Over the past year, UK drill records have been topping the charts left, right and centre. Charts that would usually have been taken up by icons like Drake, Kehlani and Dua Lipa are now getting an earful of Central Cee, Dave and D-Block Europe. This newfound revolution of British artistry is growing at top speed across Canada and the US, and it looks like the trendy tunes might be here to stay.
UK drill music is a subgenre of drill music and road rap that originated in London back in 2012. Since then, the musical style has gained traction, amassing hundreds of fans and putting many new local artists on the brink of fame.
One of the complications with drill, however, is that usually support for local talent is slim unless there is a bigger association tied to it. In this case, individuals are more reluctant to support no-name artists than someone like Drake or Pop Smoke, per se, who are both well-known artists that have incorporated UK drill and grime into their songs and features. This resulted in UK artists sitting on the sidelines up until just recently. Now, it’s safe to say that this is a pivotal time for any growing UK-based artist striving to take on more.
So how exactly did UK rappers get their footing? The social media app Tiktok played a large part in their growth. For a few years now, the TikTok community has been keen on embracing UK rap through their discovery #Rap campaign. Through this hashtag, users are able to brand new content each month, placing emphasis on up and coming UK artists, in hopes of truly spotlighting this vibrant genre. Once an influencer uses your sound, or, in this case, song, the chances of you going viral heighten, which was exactly the case with Central Cee and Arr Dee.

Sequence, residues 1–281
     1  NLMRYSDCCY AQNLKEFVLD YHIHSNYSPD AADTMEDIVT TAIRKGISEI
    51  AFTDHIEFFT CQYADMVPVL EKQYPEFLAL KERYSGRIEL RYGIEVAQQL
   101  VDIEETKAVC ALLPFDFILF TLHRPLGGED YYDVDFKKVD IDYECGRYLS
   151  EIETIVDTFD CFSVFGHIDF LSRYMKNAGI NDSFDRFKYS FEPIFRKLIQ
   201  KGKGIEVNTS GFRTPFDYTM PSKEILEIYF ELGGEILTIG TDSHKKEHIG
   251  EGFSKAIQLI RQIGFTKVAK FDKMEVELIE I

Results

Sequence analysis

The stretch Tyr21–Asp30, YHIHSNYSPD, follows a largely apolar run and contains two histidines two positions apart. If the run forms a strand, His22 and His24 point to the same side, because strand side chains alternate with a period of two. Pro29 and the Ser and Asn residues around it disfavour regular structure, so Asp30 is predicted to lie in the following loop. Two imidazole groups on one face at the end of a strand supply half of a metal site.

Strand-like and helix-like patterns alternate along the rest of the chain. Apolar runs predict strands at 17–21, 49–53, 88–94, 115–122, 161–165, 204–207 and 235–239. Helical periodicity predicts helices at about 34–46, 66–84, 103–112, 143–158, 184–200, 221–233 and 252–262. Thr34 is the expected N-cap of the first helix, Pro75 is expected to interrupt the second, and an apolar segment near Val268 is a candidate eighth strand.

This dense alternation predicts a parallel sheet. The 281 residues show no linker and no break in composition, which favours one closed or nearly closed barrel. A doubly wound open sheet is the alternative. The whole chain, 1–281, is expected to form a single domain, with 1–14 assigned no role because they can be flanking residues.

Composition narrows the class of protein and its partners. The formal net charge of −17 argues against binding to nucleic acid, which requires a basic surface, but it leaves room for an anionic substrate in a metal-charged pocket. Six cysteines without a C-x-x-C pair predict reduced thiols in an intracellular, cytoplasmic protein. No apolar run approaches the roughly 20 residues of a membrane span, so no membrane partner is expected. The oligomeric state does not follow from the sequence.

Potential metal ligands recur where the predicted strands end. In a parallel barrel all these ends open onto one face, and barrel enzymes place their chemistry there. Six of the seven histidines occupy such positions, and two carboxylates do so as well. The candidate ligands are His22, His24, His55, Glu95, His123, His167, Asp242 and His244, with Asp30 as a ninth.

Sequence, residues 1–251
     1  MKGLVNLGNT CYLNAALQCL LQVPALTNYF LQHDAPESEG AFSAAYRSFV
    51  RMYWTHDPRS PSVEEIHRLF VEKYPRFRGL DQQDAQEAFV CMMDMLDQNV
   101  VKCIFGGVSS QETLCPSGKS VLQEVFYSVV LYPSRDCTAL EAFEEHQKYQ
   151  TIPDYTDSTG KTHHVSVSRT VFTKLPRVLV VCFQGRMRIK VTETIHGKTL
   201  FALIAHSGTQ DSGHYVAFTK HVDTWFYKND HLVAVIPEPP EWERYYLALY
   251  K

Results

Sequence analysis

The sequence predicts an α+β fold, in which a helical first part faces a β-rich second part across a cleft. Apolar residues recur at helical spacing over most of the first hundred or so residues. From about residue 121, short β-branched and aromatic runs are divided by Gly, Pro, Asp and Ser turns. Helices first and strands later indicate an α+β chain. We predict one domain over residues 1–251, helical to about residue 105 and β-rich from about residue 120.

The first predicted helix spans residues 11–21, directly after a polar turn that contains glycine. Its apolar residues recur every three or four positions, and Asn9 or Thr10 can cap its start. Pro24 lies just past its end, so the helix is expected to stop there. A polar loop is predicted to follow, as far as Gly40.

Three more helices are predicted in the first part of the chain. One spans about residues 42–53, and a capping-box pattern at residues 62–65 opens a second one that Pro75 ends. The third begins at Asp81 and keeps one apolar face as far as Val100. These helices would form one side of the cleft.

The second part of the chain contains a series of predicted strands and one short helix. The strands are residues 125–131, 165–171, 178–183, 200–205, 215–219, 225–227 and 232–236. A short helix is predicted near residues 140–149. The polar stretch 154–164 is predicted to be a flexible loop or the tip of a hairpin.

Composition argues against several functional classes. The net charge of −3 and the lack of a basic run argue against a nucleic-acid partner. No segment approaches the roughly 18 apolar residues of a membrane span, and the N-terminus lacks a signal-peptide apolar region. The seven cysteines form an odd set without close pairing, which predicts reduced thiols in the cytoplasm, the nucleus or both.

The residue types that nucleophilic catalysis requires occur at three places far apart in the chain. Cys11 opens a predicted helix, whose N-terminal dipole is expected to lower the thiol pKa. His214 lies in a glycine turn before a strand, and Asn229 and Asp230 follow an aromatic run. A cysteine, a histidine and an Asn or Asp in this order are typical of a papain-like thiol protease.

Since having created an international fanbase, British artists have been thriving—and so have we. Although Toronto is home to many hiphop and rap lovers, this perfect combination of heavy lyrics, menacing basslines and aesthetics is hard to resist—especially when performed with a thick British accent. Needless to say, a cross between grime, rap and Afrobeats has never sounded so good.
While British artists have been living in the shadows of their US counterparts for years, these creatives are now seeing their hard work pay off. Somewhere in the middle of making their big break on Soundcloud to being weeks away from performing at Toronto’s first ever Rolling Loud Music Festival, they’ve finally been given the recognition they deserve.